My brother stopped coming to the house at all. He was lost to the trees and lake.

We walked down to the water, where the birds grunted and dove, and tried to pick out my brother from the others. That one, my mother said, pointing to a bird on a rock, wings stretched out to dry the feathers. She straightened her jaw. It has to be that one. I think.

As the months passed, the birds’ feathers changed—from the dull, dusky tone of youths, to a mature and inky black. In the summer, they gathered sticks and lake grass and flotsam, and built nests high in the trees. We watched the nests through binoculars. Soon, above the twigs, small feeble things poked their heads—the grandchildren of the town.

The children kept changing. As the young in our town reached a certain age, they flapped off to the lake. As the years passed, it became a matter of course, and when a boy’s chin grew a few strands of hair, or a girl came to laugh in a certain way, the old people said, It can’t be long now.

A few children remained human, and we’d see them, these teenagers, walking to their empty classes, silent and pale. We younger children, we didn’t wish to become ones like these. We prepared for an avian life.

We ran wild. Why teach them manners? our mothers said. They’ll be birds soon enough. We ran through the streets and down to the lake, watching the birds dive and emerge with fish. We sat at the lakeshore and threw rocks into the water, perhaps in the birds’ direction, but we would not throw rocks at the birds themselves. We were too afraid.

Soon I’d reached the proper age, and my companions started changing. Once, we caught a boy sneaking from class and pursued him onto the playing field. He stopped, his back to us, and wrapped his arms around himself. He seemed to be wearing a dark cape, but as we approached, the cape became feathers, and he spread them out into wings. He lifted from the ground and flew to the trees that bordered the school, and there we could not catch him.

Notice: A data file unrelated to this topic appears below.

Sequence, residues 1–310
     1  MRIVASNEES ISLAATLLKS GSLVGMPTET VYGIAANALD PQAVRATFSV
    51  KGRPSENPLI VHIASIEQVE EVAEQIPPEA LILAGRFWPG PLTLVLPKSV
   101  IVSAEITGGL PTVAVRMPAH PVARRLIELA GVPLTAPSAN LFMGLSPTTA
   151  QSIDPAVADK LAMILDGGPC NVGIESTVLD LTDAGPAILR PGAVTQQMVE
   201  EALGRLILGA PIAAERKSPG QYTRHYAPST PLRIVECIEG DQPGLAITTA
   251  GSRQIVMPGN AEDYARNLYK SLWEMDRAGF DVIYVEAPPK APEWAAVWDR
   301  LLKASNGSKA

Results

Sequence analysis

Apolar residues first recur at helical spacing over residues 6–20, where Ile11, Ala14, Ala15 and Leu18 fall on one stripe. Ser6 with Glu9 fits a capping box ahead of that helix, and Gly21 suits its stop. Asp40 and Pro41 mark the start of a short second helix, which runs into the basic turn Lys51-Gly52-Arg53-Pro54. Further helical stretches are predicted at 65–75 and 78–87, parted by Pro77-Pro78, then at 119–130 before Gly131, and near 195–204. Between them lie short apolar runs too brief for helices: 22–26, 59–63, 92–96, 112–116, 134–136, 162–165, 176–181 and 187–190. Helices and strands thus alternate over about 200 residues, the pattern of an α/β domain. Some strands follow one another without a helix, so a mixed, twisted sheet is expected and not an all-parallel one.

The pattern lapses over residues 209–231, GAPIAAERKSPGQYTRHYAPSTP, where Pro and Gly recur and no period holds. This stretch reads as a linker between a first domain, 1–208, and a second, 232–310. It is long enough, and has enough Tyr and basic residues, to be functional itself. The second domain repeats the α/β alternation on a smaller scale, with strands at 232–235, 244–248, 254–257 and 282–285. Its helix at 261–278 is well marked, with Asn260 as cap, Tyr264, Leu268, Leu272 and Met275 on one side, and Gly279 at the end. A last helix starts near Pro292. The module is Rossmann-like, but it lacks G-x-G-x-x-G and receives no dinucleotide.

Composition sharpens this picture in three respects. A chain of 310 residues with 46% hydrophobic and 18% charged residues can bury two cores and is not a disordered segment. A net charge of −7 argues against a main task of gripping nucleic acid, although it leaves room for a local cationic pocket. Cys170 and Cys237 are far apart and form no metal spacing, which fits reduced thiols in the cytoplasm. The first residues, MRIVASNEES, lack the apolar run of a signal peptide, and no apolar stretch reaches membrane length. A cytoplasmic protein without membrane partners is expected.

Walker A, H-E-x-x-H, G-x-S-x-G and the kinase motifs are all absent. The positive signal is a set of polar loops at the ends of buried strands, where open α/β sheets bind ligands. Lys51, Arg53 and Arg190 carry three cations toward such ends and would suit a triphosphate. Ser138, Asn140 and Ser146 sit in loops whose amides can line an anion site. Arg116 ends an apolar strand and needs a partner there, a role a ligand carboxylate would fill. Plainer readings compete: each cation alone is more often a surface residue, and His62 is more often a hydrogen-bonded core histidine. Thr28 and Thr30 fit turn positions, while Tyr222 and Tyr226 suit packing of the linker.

One by one, they disappeared. I skipped school, went hiding, climbed trees, waiting for something to overcome me. When children younger than I started changing, I knew I’d been left behind.

A town so blighted cannot last long. Our children had not grown into adults, and no one was left to run the businesses. Main street windows boarded up. Families gathered their things and moved away. The others like me, who had not changed—they left as soon as they could.

But my mother and I stay on—we seem unable to leave. She watches the cormorants fly low over the yard, their necks outstretched, wings swimming through air. She speaks of my brother. Always the best of sons, she says. He wanted to be a doctor.

Often I walk down to the lake and sit at the shore, where our silent town is still cacophonous. The birds’ numbers grow. The trees around the lake stink with their feces, and the guano has killed off the underbrush.

I watch the birds on the rocks, in the trees, in the water. I strip off my clothes and stand before them. Their eyes are like jewels. I dive into the lake and imagine the water pulls back my skin, revealing something new and black underneath. I want the birds to take me away.

So many places come to their end. Our town is no different from any of them.